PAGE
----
Reimagining the Nolli City: Visionary Architecture and the Avant-garde
James Basey – Duncan of Jordanstone College of Art & Design

© James Basey

RIAS Services for Students

Welcome to the first stage of what I hope will be a successful career in architecture. You are no doubt aware of the exciting potential that lies ahead in this profession of ours. Scotland, in particular, has produced many famous architects; indeed, many recognise architecture as the art of Scotland.
Robin Webster OBE PRIAS, President, The Royal Incorporation of Architects in Scotland

Becoming an Architect

Architects make a unique and far reaching contribution to the built environment. Their designs should be responsive to social, cultural and environmental issues, utilising the rich potential of science and technology to achieve quality in the design of spaces, forms and details. For architects to play this effective and rewarding role, the following skills and knowledge are required.

The RIAS has produced a guide to help you decide if a career in architecture is for you. You can download it or view the online version.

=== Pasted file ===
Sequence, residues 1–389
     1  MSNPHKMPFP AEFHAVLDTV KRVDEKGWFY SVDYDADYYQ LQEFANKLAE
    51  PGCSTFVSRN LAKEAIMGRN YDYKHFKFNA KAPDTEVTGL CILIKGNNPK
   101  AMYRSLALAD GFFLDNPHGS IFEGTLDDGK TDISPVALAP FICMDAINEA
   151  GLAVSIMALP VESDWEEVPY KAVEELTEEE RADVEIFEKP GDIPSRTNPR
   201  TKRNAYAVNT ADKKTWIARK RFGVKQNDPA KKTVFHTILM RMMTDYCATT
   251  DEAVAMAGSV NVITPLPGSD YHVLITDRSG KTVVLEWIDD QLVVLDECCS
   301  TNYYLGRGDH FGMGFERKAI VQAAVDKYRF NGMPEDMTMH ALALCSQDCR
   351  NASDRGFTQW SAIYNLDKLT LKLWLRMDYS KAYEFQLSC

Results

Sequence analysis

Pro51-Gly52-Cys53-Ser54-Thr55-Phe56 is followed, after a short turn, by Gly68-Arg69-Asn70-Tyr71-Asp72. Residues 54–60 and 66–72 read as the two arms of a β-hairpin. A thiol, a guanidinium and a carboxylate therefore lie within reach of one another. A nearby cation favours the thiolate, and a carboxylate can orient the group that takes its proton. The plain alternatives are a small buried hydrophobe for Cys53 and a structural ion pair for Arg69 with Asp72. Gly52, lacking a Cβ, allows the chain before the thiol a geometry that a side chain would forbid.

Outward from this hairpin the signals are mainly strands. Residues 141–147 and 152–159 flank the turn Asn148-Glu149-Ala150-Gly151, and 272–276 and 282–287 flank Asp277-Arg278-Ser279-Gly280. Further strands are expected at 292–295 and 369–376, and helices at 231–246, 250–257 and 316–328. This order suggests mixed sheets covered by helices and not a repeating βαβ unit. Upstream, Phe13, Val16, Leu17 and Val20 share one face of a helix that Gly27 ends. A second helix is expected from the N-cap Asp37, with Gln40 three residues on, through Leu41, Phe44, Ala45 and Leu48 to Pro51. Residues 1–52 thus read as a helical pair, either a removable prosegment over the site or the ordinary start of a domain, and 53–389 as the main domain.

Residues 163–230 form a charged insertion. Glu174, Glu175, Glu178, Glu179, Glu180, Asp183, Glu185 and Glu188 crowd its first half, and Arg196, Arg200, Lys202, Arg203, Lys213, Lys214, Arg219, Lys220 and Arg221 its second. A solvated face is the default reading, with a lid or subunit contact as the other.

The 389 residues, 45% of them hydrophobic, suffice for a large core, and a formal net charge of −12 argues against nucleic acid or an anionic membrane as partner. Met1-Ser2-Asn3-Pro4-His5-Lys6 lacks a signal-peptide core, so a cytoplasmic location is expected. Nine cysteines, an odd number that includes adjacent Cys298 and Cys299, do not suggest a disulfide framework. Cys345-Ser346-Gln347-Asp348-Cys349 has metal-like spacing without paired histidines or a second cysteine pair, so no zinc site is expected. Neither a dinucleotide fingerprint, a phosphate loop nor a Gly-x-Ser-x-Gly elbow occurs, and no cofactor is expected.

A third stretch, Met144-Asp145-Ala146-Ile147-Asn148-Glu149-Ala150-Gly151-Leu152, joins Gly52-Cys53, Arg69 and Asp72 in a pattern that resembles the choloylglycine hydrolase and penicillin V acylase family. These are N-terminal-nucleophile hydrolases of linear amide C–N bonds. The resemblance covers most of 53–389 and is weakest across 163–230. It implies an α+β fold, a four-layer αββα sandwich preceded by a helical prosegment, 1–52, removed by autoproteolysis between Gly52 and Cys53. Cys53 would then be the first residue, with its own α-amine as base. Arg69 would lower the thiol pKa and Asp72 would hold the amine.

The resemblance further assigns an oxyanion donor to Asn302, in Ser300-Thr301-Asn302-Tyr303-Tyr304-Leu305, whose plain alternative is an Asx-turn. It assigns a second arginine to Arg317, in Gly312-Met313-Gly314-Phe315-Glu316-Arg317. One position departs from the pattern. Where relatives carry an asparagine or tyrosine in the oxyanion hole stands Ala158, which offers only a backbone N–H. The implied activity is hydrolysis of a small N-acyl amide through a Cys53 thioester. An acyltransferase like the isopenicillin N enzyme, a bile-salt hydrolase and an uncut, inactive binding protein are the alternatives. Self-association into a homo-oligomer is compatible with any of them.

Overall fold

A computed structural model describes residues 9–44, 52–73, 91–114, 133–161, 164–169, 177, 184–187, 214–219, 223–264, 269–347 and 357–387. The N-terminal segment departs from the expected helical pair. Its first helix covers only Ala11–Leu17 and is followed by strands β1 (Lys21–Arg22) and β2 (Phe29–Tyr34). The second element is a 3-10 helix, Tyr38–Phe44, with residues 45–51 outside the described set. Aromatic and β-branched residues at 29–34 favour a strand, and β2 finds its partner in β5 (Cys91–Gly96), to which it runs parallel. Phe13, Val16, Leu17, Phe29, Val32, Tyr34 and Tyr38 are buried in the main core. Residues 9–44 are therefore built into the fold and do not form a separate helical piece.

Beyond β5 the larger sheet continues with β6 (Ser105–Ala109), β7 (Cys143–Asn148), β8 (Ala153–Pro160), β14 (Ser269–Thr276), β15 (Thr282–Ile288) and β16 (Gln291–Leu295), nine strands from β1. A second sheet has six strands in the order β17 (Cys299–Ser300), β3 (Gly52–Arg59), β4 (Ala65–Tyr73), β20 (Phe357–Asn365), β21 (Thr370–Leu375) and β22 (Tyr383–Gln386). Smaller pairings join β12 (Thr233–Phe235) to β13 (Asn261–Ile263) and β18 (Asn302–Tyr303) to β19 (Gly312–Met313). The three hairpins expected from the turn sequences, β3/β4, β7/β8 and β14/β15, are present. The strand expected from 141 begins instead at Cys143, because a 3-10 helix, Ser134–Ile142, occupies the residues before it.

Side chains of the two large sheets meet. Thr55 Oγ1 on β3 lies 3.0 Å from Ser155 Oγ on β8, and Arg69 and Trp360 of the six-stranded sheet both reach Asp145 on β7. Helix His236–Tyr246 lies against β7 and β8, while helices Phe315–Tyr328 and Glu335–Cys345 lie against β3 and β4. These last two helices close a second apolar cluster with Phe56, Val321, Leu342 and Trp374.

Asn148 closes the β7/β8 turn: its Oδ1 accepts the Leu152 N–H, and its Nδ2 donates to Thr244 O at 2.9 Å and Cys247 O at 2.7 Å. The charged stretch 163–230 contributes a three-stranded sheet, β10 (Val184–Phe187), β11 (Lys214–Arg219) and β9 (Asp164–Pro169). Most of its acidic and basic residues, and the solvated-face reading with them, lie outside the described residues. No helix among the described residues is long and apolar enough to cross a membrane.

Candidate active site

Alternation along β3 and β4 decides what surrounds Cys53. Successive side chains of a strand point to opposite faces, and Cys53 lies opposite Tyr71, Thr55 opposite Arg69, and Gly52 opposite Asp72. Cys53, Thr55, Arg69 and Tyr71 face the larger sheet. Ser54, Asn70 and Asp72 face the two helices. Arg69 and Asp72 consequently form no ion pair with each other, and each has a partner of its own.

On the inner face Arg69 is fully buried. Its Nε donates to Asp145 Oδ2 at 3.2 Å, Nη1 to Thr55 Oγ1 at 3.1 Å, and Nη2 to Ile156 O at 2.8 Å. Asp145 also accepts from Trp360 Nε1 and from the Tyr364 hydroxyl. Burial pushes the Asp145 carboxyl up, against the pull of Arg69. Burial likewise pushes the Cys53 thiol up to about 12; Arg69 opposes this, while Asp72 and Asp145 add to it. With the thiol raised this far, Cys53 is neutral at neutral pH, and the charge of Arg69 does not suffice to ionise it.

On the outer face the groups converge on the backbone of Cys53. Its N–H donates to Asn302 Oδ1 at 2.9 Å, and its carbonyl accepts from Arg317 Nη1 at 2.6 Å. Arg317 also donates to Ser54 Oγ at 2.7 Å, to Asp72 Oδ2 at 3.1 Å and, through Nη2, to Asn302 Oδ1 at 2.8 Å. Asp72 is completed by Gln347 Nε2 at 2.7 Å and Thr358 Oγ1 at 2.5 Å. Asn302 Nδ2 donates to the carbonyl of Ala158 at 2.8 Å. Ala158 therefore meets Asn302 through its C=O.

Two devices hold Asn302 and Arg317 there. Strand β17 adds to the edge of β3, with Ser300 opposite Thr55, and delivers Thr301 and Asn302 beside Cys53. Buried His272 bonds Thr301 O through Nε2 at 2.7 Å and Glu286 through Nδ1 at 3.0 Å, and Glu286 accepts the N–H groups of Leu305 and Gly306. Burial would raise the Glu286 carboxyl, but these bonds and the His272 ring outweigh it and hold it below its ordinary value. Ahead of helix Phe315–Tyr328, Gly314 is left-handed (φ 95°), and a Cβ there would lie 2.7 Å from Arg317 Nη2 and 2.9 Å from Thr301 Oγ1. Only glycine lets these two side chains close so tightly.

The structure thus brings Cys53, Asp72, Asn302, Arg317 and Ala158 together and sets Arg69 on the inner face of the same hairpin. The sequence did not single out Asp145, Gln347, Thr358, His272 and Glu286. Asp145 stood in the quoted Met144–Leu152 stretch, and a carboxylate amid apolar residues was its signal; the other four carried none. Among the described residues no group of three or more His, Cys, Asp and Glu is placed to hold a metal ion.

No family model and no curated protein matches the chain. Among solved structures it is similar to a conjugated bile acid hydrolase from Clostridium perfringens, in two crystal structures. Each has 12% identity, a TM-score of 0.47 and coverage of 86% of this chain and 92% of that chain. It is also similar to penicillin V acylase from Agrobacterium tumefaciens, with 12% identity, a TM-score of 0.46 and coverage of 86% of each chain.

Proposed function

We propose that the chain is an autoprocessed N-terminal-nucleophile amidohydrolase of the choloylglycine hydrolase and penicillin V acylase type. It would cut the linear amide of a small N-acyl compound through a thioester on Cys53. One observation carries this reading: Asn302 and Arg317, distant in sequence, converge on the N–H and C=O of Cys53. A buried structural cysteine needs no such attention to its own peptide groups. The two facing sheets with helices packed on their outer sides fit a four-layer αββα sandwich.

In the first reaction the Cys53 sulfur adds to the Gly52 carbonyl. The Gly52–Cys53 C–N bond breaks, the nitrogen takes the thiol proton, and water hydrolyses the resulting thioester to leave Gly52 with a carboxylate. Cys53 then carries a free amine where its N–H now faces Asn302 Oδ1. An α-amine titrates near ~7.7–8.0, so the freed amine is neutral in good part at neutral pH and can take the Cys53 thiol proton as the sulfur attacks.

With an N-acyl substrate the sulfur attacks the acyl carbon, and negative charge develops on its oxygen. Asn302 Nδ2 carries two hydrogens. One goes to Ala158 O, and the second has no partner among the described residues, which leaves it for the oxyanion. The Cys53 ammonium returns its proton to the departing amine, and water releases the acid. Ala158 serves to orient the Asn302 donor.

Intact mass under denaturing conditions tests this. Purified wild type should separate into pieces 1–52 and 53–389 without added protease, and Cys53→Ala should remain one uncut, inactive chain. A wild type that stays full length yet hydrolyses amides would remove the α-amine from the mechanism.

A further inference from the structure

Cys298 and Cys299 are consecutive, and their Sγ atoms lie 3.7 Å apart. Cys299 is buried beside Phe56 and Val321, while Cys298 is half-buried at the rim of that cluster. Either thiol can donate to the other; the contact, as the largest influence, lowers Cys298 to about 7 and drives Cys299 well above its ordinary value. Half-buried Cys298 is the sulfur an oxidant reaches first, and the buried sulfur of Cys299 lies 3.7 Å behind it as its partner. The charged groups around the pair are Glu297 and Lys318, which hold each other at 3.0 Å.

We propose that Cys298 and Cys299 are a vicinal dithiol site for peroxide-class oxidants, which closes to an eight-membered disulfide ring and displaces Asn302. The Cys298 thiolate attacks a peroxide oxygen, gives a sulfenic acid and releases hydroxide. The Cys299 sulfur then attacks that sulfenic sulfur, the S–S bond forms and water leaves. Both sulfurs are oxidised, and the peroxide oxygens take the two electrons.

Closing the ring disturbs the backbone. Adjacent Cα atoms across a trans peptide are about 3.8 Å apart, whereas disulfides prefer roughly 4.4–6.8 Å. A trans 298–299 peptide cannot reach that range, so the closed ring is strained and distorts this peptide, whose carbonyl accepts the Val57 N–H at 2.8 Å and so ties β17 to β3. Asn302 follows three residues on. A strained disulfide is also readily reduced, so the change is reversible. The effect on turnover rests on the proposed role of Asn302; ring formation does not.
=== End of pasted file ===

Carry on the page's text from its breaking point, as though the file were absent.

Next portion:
Download the booklet

Scottish Schools of Architecture

Scotland has a long tradition of excellence in architectural education. The five schools of architecture are set in cities of differing character and each offers particular specialisations within a broad-based curriculum.

Chlorophyllous Urbanism - Mumbai
Marcus Rothnie, Marshall Inglis – Edinburgh School of Architecture and Landscape Architecture

© Marcus Rothnie, Marshall Inglis

Joining the RIAS

Becoming a Student member of the RIAS is the first step towards your professional career. RIAS Student membership is free to all architectural students studying at one of the five schools of architecture in Scotland.

Financial Support

The James Miller Student Award

The James Miller Student Award supports British architecture students from the Scottish Schools of Architecture who are studying in full or part time education on an approved course; it is designed to assist students who are facing hardship issues which affect their ability to complete all or part of their course.